Events

Tirreno stage 4: Lutsenko breaks away, crashes twice, snatches victory

Alexey Lutsenko wins from four-up sprint after dramatic final 40km of racing, with Yates retaining overall lead.

Alexey Lutsenko (Astana) snatched a dramatic victory after a scintillating, chaotic stage of Tirreno-Adriatico, Saturday.

The Kazakh rider recovered from sliding out on a bend in the final kilometers of the race to take the sprint ahead of Primoz Roglic (Jumbo-Visma), Adam Yates (Mitchelton-Scott), and teammate Jakob Fuglsang. In finishing on the same time, Yates and Roglic retained their positions in first and second of the overall.

The 221-kilometer stage from Folignio to Fossombrone looked like that of a classic, packed with punchy hills on narrow, technical roads. The 20km finishing circuit featured a double pass over the Muro dei Cappuccini, a short double-digit climb with its crest just 6km before the finish line.

A large breakaway group went away early in the stage and were allowed a large lead, before being caught with 40km to go. Shortly after coming together, the race hit the steep climb to Monteguiduccio, and the peloton splintered, and Lutsenko clipped off the front.

An elite group made up of Fuglsang, Yates, Roglic, Simon Clarke (EF-Education First), Tiesj Benoot (Lotto-Soudal), Julian Alaphilippe (Deceuninck-Quick Step), and Tom Dumoulin (Sunweb) were next on the road behind Lutsenko, but failed to work together, despite the efforts of Alaphilippe and Dumoulin to drive the pace.

As the race entered the decisive final circuit, Lutsenko had built a 30-second lead over the chasers. Despite crashing on the first descent from the Muro dei Cappuccini, he managed to extend this to nearly one minute as he approached the second ascent of the climb.

Behind Lutsenko, the group of GC men that had been chasing were absorbed into the now-reduced peloton.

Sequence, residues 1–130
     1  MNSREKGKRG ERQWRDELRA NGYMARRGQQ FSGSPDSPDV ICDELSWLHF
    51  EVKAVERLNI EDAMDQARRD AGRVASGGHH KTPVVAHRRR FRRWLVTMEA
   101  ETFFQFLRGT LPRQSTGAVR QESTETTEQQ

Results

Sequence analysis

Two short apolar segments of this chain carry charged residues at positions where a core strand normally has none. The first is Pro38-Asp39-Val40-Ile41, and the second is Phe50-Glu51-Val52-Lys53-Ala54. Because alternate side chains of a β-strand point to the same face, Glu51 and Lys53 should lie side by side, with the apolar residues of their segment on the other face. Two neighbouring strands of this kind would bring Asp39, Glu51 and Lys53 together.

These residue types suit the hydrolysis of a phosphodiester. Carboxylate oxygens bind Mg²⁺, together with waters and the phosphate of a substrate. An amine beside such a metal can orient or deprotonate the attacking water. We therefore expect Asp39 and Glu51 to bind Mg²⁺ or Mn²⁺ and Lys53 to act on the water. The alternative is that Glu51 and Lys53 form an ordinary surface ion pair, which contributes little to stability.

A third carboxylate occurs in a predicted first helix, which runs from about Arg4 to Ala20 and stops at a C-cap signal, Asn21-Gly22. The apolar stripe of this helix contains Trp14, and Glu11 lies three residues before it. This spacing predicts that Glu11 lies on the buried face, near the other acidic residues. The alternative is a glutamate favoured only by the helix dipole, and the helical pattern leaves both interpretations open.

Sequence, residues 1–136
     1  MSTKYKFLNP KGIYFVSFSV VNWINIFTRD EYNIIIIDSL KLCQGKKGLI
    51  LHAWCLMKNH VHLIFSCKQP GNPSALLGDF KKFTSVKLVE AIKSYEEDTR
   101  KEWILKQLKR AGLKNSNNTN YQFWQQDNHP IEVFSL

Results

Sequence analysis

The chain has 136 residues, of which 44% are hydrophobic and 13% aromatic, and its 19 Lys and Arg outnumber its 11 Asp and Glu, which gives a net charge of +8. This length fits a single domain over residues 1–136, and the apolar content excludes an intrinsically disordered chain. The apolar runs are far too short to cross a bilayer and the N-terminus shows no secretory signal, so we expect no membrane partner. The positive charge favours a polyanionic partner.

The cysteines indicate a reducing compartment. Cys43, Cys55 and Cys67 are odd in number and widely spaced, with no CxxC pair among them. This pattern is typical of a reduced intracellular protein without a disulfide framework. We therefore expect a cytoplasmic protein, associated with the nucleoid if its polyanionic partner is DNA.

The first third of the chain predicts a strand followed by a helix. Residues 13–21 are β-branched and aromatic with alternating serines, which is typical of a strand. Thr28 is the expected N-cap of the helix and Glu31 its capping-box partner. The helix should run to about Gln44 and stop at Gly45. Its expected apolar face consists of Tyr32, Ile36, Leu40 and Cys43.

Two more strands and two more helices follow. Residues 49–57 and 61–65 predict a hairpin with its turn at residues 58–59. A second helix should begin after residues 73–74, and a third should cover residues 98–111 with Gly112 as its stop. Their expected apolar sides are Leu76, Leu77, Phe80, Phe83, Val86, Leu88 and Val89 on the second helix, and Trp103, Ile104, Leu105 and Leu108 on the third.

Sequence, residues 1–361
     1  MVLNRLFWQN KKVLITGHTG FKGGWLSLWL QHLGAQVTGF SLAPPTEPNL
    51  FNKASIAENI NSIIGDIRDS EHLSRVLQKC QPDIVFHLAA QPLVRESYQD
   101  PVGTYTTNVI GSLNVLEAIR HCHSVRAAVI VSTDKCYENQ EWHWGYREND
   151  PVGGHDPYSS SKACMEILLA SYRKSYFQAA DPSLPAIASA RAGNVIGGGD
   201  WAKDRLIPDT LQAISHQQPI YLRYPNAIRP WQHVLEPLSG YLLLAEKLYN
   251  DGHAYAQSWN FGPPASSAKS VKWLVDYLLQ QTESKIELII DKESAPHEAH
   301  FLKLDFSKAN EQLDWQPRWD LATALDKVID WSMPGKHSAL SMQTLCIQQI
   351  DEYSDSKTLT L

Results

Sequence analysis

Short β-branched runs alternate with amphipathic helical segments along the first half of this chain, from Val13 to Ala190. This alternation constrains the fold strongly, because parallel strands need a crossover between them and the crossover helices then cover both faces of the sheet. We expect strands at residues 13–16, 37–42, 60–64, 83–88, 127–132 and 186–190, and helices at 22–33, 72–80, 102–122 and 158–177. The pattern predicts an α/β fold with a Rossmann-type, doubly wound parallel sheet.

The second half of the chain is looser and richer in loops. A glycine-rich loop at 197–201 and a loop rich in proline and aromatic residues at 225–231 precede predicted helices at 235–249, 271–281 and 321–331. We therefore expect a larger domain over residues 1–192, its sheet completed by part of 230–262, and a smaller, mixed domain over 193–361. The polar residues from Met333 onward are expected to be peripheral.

Roglic took the initiative on the final climb, which fell only 10km from the line. The Slovenian attacked hard and drew out Fuglsang and Yates, dropping pre-stage favorite Alaphilippe. The trio crested the final climb together, and Yates and Roglic pushed the pace to try to catch Lutsenko, who by now had less than 30 seconds of a gap. Fuglsang sat in and disrupted their efforts, buying time for teammate Lutsenko.

Lutsenko looked as though he’d manage to hold on to his lead in the final kilometers, despite the gap rapidly reducing and hovering at around 10 seconds. However, his wheels slid from beneath him on a sharp bend, and the Kazakh was caught by Roglic, Yates and Fuglsang with just 1km remaining. Nevertheless, he retained the composure to stick with the trio as the race entered the long final straight to the line.

Roglic was maneuvered into leading out the sprint into the headwind, and Lutsenko came around him in the final seconds to win by the slimmest of margins, with Roglic and Yates taking second and third respectively.

“I crashed twice in the last 20km,” said Lutsenko. “It made it very difficult for me. Fortunately, there was my teammate, Jakob Fuglsang, in the three-man group behind. I crashed again so I’m really happy that I made up with a stage win for this very bad day. It gives me more motivation for tomorrow and the big classics.”

Stage 5, Sunday, is a 180km hilly route, with a two-step 5km climb to the line featuring pitches of 19 percent. Yates holds a seven-second advantage over Roglic on GC, with Dumoulin 50 seconds off the lead.

Geraint Thomas (Team Sky) abandoned the race mid-way through the stage, citing stomach complaints.